The City on a Hill: Fulfilling Ronald Reagan's Vision for America

The City on a Hill: Fulfilling Ronald Reagan's Vision for America

by Michael Reagan, James D. Denney
     
 

Michael Reagan's book is a collection of strategies and solutions to use on the grass-roots level to restore American society and the American family, and to preserve our heritage of freedom for our children and grandchildren. See more details below

Overview

Michael Reagan's book is a collection of strategies and solutions to use on the grass-roots level to restore American society and the American family, and to preserve our heritage of freedom for our children and grandchildren.

Editorial Reviews

Publishers Weekly - Publisher's Weekly
Throughout American history, many eloquent, persuasive political commentators have conveyed their opinions not with name calling and invective but with grace and passion. Broadcaster Michael Reagan, son of the former president, is not one of them. He skillfully chooses revelatory personal stories about his father and clearly presents the conservative view on a variety of issues. But his suggestions for reviving his father's vision have already been covered at length in conservative media. His broad generalizations concerning government change often have a smug, self-righteous tone that seeps into the many passages of liberal-bashing. In his section on foreign policy, Reagan demonizes almost a dozen countries in simplistic dismissal, then lumps together most of Latin America, warning readers of the region's threat to the good ol' U.S.A. It is this moral indignation that not only makes his chapter on religious tolerance ironic but also buries his occasional good ideas under anti-Democrat rhetoric. When Puritan John Winthrop said Boston was to be "a shining city on a hill" that would be an example to the world, he presided over an exclusionary, isolationist congregation bent on purity at any costan "us vs. them" attitude that Reagan carries like a sword (in this case, a blunt one) into every diatribe. (Sept.)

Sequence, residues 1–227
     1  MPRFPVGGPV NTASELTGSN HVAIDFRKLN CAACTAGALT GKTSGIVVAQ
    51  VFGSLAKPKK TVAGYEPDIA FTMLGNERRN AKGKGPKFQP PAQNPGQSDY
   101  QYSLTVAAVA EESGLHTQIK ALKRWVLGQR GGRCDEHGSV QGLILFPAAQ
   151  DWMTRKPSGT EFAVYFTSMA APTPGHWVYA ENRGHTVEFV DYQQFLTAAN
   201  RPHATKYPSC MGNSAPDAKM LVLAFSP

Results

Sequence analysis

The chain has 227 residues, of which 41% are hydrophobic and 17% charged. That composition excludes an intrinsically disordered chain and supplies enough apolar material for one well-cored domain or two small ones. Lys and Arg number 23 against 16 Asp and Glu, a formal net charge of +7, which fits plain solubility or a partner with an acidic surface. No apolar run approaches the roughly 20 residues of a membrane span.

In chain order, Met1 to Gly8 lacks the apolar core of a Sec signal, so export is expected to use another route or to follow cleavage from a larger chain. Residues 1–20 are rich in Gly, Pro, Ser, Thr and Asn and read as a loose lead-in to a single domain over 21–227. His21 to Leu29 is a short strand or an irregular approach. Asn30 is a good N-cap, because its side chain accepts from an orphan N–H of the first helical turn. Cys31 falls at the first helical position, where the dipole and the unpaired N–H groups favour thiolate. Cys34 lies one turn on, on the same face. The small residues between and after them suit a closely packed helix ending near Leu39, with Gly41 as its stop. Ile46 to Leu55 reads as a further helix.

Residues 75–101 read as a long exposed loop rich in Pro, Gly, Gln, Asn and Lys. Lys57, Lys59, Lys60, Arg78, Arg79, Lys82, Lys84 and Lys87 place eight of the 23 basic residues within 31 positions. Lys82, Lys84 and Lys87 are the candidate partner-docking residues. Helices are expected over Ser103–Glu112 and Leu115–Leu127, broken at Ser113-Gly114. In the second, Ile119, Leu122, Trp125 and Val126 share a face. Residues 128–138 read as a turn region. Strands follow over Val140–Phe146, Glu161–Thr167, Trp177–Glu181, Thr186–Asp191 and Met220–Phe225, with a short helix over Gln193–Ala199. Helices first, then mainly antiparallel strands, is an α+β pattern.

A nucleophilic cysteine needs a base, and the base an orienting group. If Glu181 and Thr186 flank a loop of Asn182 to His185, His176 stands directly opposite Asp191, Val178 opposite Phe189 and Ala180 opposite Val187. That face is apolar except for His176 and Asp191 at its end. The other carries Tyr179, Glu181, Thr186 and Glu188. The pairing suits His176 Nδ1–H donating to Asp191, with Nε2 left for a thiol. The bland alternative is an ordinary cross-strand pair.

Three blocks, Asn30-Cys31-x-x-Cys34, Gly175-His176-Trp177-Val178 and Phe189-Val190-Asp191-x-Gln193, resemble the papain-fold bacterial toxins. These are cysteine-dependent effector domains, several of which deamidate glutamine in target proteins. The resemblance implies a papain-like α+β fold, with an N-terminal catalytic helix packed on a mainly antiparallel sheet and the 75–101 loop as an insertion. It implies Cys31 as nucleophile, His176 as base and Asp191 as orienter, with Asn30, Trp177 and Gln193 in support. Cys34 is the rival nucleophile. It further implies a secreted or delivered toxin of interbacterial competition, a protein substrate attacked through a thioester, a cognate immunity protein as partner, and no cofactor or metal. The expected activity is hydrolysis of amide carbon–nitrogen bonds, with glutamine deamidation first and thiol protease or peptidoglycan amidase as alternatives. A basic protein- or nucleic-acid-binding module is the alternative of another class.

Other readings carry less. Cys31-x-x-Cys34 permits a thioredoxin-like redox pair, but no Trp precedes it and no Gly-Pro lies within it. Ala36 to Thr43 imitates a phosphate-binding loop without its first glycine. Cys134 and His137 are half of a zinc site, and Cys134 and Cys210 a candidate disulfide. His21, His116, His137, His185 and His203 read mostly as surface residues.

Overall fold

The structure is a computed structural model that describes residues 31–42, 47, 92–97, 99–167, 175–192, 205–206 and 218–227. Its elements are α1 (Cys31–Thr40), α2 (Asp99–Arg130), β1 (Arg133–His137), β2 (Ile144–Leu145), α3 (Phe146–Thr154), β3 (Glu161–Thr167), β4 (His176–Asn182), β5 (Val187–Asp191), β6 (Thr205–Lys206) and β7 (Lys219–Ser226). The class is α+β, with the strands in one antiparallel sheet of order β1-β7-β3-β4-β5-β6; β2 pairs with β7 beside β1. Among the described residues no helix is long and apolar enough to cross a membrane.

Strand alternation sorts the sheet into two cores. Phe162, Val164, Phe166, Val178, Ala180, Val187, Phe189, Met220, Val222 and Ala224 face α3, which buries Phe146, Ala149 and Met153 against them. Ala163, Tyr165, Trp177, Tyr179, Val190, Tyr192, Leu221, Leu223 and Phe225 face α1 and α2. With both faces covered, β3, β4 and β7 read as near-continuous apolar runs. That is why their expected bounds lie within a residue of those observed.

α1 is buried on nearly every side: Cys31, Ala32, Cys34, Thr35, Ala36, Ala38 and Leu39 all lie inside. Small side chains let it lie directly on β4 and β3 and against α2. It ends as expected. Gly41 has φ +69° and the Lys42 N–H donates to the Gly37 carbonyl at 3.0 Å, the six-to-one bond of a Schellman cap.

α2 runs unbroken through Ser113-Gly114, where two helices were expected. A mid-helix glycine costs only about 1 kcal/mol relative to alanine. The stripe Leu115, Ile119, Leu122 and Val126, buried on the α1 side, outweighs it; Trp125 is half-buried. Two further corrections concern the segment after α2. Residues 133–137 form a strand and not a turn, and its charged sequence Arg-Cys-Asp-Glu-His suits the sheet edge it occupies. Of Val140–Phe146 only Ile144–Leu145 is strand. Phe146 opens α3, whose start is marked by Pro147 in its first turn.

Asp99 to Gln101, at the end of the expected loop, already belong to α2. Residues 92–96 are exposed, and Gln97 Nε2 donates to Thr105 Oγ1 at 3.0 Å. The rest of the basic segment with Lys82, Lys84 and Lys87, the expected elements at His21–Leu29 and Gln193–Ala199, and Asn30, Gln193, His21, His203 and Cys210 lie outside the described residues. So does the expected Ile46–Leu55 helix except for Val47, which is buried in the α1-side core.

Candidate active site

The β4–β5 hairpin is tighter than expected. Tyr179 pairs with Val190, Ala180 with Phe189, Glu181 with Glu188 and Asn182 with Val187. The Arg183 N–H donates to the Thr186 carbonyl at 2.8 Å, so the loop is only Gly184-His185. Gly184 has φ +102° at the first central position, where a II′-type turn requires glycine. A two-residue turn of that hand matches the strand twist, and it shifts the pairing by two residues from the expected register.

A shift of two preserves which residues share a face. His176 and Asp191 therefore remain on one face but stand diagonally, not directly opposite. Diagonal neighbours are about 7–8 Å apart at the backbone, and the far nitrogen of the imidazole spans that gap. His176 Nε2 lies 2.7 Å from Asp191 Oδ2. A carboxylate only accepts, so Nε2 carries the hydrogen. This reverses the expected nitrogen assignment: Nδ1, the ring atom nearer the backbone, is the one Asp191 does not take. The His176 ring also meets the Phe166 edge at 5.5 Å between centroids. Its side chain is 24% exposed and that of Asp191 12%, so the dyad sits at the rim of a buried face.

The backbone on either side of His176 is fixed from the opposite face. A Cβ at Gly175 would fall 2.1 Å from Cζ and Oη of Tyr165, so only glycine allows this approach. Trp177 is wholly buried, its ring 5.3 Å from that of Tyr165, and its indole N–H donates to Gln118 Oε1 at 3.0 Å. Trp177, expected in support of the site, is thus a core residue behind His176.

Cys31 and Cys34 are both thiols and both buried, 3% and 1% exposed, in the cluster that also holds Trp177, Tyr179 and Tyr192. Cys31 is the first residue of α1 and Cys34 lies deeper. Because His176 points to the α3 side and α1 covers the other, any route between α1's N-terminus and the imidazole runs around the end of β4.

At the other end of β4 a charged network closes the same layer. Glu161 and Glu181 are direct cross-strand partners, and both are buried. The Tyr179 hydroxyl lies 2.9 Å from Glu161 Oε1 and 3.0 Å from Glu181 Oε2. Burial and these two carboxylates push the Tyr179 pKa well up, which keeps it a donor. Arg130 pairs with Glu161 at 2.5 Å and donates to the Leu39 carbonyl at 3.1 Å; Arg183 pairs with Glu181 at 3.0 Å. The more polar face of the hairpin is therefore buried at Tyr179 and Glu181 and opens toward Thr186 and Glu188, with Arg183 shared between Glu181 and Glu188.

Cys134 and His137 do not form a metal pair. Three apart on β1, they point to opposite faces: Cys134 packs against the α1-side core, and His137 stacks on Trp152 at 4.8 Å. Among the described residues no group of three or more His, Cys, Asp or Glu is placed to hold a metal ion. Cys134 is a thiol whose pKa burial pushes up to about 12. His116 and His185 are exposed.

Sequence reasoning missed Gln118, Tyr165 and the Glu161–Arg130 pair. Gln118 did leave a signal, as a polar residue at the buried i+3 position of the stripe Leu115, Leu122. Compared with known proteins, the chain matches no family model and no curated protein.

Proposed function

Kirkus Reviews
Ronald Reagan's adoptive son offers a digressive tract that combines—not always effectively or gracefully—a celebration of his father's presidency, a neoconservative agenda for national renewal, score-settling asides on those he feels have done him wrong, and ad hominem attacks on Bill Clinton that might give the American Spectator pause.

Drawing on his father's conceit (borrowed from Pilgrim John Winthrop) of an America that shows the rest of the world just how to create a paradise on earth, the San Diegobased radio talk-show host provides a cluttered blueprint for restoring the putatively lost glories of yesteryear when Reagan père was cutting taxes, rearming the US military, jump-starting the domestic economy, and otherwise giving the country greater confidence in itself. His four-point program envisions realigning the roles played by mainstays of American society. By way of example, he would cut the federal budget and shrink government while reasserting national sovereignty. In like vein, the author urges that job-creating business be relieved of regulatory and tax burdens. He commends supporting civic and religious institutions that can take up the slack left by welfare reform and castigates government agencies at all levels for their paternalistic intrusions into the American family. At least as interested in tearing down as in building up, Reagan the Younger assails Clinton early and often, characterizing him as a slick (rather than great) communicator and the make-love- not-war president. Nor does the aggrieved author neglect to get even for slights he has suffered at the hands of Republican Party officials, Nancy Reagan (who on occasion has treated him, well, like a stepchild), and others.

An odd sociopolitical amalgam, of interest mainly for the personal insights a lightweight son can provide on his world-class father, rather than its anti-Democrat invective or pro forma attempt to revive the Reagan Revolution.

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Product Details

ISBN-13:
9780785272366
Publisher:
Nelson, Thomas, Inc.
Publication date:
09/01/1997
Pages:
275
Product dimensions:
6.36(w) x 9.36(h) x 1.06(d)

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